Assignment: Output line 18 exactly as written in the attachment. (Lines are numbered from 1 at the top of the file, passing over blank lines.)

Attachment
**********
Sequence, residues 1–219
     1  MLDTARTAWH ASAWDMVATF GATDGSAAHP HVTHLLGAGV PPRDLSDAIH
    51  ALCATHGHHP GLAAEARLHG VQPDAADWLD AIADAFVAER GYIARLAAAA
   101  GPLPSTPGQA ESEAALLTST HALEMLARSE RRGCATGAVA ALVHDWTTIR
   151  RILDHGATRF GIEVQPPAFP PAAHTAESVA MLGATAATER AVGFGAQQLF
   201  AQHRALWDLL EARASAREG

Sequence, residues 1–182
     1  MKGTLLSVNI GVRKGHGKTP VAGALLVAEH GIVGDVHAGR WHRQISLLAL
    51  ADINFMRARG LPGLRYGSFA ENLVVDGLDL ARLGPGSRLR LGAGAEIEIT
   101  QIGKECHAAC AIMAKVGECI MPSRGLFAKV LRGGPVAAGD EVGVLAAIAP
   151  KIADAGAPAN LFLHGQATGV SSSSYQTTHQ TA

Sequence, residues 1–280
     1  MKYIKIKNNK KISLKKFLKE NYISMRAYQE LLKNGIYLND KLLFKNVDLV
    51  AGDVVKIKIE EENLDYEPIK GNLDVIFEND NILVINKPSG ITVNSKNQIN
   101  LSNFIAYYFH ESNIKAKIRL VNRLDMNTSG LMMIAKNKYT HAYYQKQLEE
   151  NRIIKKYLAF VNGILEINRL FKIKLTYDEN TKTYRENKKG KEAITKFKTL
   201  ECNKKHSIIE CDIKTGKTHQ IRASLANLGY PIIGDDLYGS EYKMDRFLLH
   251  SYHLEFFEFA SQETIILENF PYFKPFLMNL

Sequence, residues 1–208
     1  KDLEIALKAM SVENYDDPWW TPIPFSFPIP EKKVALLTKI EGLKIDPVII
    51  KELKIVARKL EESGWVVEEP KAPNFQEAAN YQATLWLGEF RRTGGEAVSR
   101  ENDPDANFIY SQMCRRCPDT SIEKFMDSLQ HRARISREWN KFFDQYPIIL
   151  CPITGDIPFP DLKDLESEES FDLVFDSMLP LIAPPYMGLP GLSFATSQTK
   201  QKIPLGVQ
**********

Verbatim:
   251  SYHLEFFEFA SQETIILENF PYFKPFLMNL